Directed by Ridley Scott
We don’t see projects like this very often. Having the creator of an untouchable classic return to a disgraced franchise after 30 years is the rarest of rarities, something that normally exists only in the dreams of die-hard fans. After enduring a string of bad “vs.” movies, I never thought we’d see Ridley Scott return to the world of Alien – especially with the carte blanche to turn the series in a completely different direction. Whatever you think of his approach, everything about Prometheus seems like the kind of project that the Hollywood system was designed to destroy.
An event film with this level of hype and speculation is bound for divisive reactions so let’s get this out of the way: If you’re expecting another Alien, prepare to be disappointed. In fact, Prometheus is about as much a prequel to that film as Temple of Doom is to Raiders of the Lost Ark. While it technically predates the events in Alien, this is mostly a spin-off movie that explores a different part of the universe entirely.
The story follows inquisitive archeologist Elizabeth Shaw (Noomi Rapace, giving a terrifically vulnerable performance), who discovers an ancient star map in the caverns of Scotland. Theorizing that it was left by mankind’s creators, she joins a scientific expedition aboard the spaceship Prometheus led by Captain Janek (Idris Elba) and ventures out to the ass end of space hoping to literally meet her maker. Needless to say, very bad things await them. The journey is funded by the real villain of the series, Weyland Enterprises, so it’s not long before suspicious activities arise thanks to company woman Vickers (Charlize Theron) and ship android David (played to perfection by Michael Fassbender).
I’ve actually heard people say that Alien isn’t a horror film because it takes place in space, which is completely daft. Scott’s 1979 classic is pure unadulterated horror – with a few light sci-fi elements – that exists solely as white-knuckled suspense. Prometheus is a film that falls on the other side of the coin: it’s a brainy science fiction story that flirts with the kind of provocative ideas you never see in big-budget movies. Questions of science, faith and philosophy are explored against familiar Giger-esque backdrops, only this time Scott abandons the claustrophobia and quiet dread of Alien in favor of an epic scope full of wonder and awe. Sure, there are a few classic skin-crawling moments (including a sequence that rivals John Hurt’s chest-bursting), but the script by John Spaihts and Damon Lindelof is more concerned with exploration and big picture questions than straight-up horror. In essence, this is a quest movie that’s more King Kong than deep space slasher.
On a technical level alone, Prometheus is a visual masterpiece. Scott, known for his strong sense of cinematography and production design, has taken his craft to the next level thanks to technological advancements; the 3D images here lend a depth to the landscapes, caverns, and ship corridors that are truly breathtaking. I’ve never been a proponent of 3D (always paying for the 2D screen at the multiplex), but this is easily the strongest argument for the medium and makes you realize how misused it’s been these past few years.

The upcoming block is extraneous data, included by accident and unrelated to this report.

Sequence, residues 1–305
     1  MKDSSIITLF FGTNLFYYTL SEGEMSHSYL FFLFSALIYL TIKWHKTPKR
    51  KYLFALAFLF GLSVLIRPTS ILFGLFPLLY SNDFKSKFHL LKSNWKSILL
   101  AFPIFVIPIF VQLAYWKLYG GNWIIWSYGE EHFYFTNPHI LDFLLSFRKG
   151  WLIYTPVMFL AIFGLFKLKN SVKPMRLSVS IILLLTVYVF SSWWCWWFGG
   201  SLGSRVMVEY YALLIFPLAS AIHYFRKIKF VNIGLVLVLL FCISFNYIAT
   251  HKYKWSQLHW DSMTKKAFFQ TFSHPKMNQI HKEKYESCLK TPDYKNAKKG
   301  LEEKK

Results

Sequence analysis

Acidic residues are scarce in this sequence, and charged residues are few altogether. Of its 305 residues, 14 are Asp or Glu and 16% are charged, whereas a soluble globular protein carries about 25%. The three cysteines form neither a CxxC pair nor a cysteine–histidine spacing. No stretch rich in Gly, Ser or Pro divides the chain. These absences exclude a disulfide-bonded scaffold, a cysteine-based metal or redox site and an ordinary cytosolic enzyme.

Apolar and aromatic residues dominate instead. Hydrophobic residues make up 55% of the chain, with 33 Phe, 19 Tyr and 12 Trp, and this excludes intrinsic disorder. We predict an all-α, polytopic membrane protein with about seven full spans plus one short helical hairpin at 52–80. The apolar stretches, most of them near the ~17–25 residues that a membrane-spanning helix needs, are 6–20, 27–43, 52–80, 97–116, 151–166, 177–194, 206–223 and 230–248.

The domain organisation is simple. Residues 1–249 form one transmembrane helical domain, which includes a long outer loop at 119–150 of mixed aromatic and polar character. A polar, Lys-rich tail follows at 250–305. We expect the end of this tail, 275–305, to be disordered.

The dividing factor for audiences – hardcore fans in particular – will no doubt be how Prometheus treats the mythology. When James Cameron took over the series, he methodically explained Alien by taking us through the life cycle and firmly setting the rules. Scott isn’t concerned with that kind of stuff and throws the series right back into its H.P. Lovecraft roots. In his world the threat has no system or order. It’s a giant petri dish of chaos, and as a result the menace is something far less tangible. I won’t spoil what fleshy things crawl out of the abyss, but I will say that the lack of a central boogeyman might turn off those purists who want more of the same. Personally, I found it refreshing. Ultimately we’re left with more questions than answers (we’re dealing with the writer of “Lost” here), but in the world of Alien that’s always best.
That said, Prometheus has its share of problems, mainly in the character department. While Rapace, Fassbender, and Elba deliver endearing characters, the rest of Prometheus’ crew consists of one-dimensional piss ants and faceless red shirts. Theron fills the token “evil company” role as ice queen Vickers, but her constant scowling gets old real quick. The same goes for Sean Harris’ surly geologist while Logan Marshall-Green isn’t given much to work with as Shaw’s squeeze. The rest of the cast is comprised of little more than featured extras, and as a result there isn’t much impact when people start dying. Even by comparison, the Marines in Aliens and the prisoners in Alien³ stood out more than these unlucky souls.
This, combined with a few pacing problems, leads me to believe that there was a lot of material left on the cutting room floor to satisfy a summer movie runtime. While the first half moves at a perfect stride, once all hell breaks loose, there’s a handful of moments that feel lost in the rush to the finish line. For a film of this scope, Prometheus definitely clocks in a tad short, but these problems could easily be corrected with an Extended Version — which is almost always a given with Scott’s films.
Ultimately your enjoyment of Prometheus depends on your expectations. Those wanting a giant creature feature or major insight into the mythos will come up short while more open-minded viewers reap the rewards. This is a grand film designed to ignite your imagination and give birth to endless theories like only great science fiction can. It certainly isn’t a masterpiece on the level of Alien/Aliens (then again, it’s not even working on those levels), but it’s a satisfying return to the universe and successfully revitalizes a series that was left for dead.
4 out of 5